The Anti-Violence Alliance is committed to making campus a safer place for every- one. In honor of Sexual Assault Awareness Month, the AVA prepared eight events to shed light on relationship violence.
Student peer educator and staff lead Erin Davis develops programs and workshops with the goal of informing the Ferris commu- nity.
“The Anti-Violence Alliance is attempting to change the culture surrounding interper-
sonal violence by increasing awareness and education through these programs and re- sources,” Davis said. “So, making students more aware of the harm that is being per- petrated and empowering them as active bystanders.”
One of the most prevalent topics in SAAM events is understanding consent. On Tues- day, the AVA hosted a virtual event called Coffee and Consent. This event aimed to foster a safe and productive conversation between the AVA and participants, followed by a game of Consent Bingo.
“Promoting consent is about promoting healthy relationships and creating a com- fortable environment where each person can express what they want and need,” Davis said. “So, consent takes into account verbal cues and what someone doesn’t say. And I wish that that was more widely under- stood.”
Davis recalls being particularly moved by a 5-Star event featuring sexual assault sur- vivor Kalimah Johnson. Johnson is also the founder of Sexual Assault Services for Holis- tic Healing and Awareness in Detroit.
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“I’m so grateful that we brought Kalimah because she made me aware of the fact that there is always more to learn, that there are always going to be communities within interpersonal violence that are marginalized in other ways,” Davis said. “We should be intersectional in everything that we do, and inclusive and everything that we do with the AVA.”
After being encouraged by Violence Prevention coordinator Raven Hills, staff assistant Nia Goins took it upon herself to include marginalized voices in the conversation about sexual assault.
“I really had a hard time speaking out. And then when I joined the Anti-Violence Alliance, I kind of re- alized that if you don’t speak out, then nobody else is going to,” Goins said.
Last Wednesday, Goins presented a workshop enti- tled Engaging the Black Community in Sexual Assault Prevention. She focused on historical stereotypes and how they feed modern-day victimization of Black men and women.
These historical tropes include the Jezebel stereo- type and the brute caricature. Ferris’ Jim Crowe Muse- um of Racist Memorabilia defines Jezebel as the sig- nified name for Black women that have been unfairly portrayed as “innately promiscuous, even predatory.” This was used in stark contrast to the modest and sex- ually pure portrayal of white women, a demographic that was taught to fear Black men by use of the brute caricature.
Goins understands how difficult it can be to speak about racism and sexual violence to people with vary- ing experience with either. This encourages her to use inclusive language, hoping her audience is able and willing to empathize with other communities.
“People will feel more comfortable talking about [sexual assault] if they felt that other people had the same opinions as they do,” Goins said. “But also that they have the language to have those conversations in a way that they felt wouldn’t cause people harm,” Goins said.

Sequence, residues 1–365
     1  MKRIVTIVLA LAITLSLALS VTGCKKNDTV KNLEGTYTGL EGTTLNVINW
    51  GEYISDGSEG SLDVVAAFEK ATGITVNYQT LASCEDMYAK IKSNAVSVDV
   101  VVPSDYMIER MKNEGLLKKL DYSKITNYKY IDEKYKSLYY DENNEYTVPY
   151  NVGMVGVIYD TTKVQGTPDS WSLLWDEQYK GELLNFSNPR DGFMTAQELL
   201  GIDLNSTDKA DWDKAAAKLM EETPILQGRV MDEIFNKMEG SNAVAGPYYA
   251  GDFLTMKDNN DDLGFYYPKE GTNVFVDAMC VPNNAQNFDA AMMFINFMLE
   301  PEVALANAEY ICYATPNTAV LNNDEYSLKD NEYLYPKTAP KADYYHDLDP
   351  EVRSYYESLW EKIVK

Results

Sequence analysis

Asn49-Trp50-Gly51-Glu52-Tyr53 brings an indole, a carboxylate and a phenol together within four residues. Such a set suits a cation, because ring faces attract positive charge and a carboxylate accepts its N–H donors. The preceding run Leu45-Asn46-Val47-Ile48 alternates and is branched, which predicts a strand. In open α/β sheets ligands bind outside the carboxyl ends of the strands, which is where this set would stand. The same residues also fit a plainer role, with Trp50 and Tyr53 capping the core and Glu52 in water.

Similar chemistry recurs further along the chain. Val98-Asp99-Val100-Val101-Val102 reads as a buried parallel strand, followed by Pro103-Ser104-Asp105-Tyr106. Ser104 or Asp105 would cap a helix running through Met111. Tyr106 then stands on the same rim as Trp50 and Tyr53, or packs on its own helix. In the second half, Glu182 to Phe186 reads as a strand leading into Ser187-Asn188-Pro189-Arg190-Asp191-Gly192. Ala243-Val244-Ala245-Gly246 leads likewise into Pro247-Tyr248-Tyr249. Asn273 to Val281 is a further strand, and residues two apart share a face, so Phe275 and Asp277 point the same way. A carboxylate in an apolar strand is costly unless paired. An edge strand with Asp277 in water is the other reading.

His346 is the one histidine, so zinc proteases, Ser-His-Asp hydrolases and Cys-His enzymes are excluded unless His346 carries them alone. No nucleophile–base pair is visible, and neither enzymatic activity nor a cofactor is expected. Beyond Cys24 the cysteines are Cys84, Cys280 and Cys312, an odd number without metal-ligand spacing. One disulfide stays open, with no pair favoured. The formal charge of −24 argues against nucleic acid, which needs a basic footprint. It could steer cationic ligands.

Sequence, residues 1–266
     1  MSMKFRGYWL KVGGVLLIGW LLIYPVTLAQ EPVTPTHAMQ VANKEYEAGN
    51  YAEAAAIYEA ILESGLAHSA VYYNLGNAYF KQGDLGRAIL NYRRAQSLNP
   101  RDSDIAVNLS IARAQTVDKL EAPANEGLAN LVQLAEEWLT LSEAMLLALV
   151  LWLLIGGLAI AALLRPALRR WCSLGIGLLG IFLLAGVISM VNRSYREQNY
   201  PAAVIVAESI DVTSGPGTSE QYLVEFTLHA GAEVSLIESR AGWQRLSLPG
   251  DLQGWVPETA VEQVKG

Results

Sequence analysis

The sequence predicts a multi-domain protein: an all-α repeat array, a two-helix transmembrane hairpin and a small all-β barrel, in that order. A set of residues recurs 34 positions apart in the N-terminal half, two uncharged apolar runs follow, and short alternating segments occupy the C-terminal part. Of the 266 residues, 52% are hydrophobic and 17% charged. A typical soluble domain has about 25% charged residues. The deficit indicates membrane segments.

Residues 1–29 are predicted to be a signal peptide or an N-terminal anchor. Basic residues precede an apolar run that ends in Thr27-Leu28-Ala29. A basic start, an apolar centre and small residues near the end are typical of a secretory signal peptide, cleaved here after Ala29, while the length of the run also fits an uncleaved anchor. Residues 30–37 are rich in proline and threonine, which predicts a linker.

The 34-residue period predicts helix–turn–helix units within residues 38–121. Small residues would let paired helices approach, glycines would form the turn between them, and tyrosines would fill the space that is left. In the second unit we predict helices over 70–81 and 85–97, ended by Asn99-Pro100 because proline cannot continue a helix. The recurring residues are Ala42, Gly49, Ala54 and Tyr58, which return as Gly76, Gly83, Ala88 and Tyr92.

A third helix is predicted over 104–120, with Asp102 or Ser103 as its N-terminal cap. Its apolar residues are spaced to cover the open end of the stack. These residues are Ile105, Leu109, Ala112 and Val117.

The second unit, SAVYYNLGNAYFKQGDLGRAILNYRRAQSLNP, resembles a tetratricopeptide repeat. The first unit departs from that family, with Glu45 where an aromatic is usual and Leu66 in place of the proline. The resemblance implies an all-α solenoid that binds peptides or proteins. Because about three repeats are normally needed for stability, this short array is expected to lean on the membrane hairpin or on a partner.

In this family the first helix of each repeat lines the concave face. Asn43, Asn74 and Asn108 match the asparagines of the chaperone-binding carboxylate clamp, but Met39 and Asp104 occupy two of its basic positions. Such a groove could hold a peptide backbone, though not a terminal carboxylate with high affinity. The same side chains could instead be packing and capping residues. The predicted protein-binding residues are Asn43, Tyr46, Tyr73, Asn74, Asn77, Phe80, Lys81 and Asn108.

Goins believes in the importance of discussing the root causes of intimate partner violence and rape culture, stating “you can’t stop the big things without stopping the little things.” These little things include misogynistic humor and sending unsolicited nude photos to women.
“You have to prevent those small things from hap- pening. You have to break down that within your small social circles in your day-to-day life to kind of make those other big things like sexual assault and rape and child molestation go away,” Goins said.
This is a responsibility that Goins passes along to the entire Ferris community and beyond, explaining that neutrality is not a valid stance on sexual assault.
“Everybody needs to show solidarity for those vic- tims because showing solidarity for them means that you’re not showing solidarity for offenders and perpe- trators,” Goins said.
In the fall of 2021, Goins will be stepping into Davis’ position as the co-student lead alongside staff assis- tant Sydney Mingori.
Mingori prepared and presented an event for the AVA last Monday entitled Sexual Assault in Pop Cul- ture. This event highlighted patterns of unhealthy rela- tionships featured in movies and TV shows including “Twilight” and “Stranger Things.”
“We talked about power and control between abus- ers and the victims and how abusers use tactics to gain control over the victim. And they do it because they believe that they have the right,” Mingori said.
Some tactics, Mingori believes, have been so nor- malized that audience members do not even notice them without taking a closer look. When discussing the dynamic between “Stranger Things” characters Joyce Byars and Jim Hopper, many people were dis- appointed.
“[The audience] was like ‘oh, I never realized that he, you know, yells at her all the time and he doesn’t listen to her ever’ and they loved them so much as a couple, they didn’t realize how awful he actually was to her,” Mingori said.
Despite this, Mingori still believes that people can enjoy movies and TV shows that feature unhealthy dy- namics if the relationship is viewed critically and never idolized.
The next TV show watch party will take place at 6 pm on April 21 and feature an episode of “Grey’s Anat- omy.”
“We’re going to be showing an episode from it that really goes into greater lengths about tests that you have to do for sexual assault, so I’m really looking for- ward to this month and I’d be happy to have people come in,” Mingori said.
For more information about SAAM events, visit the AVA profile on Bulldog Connect.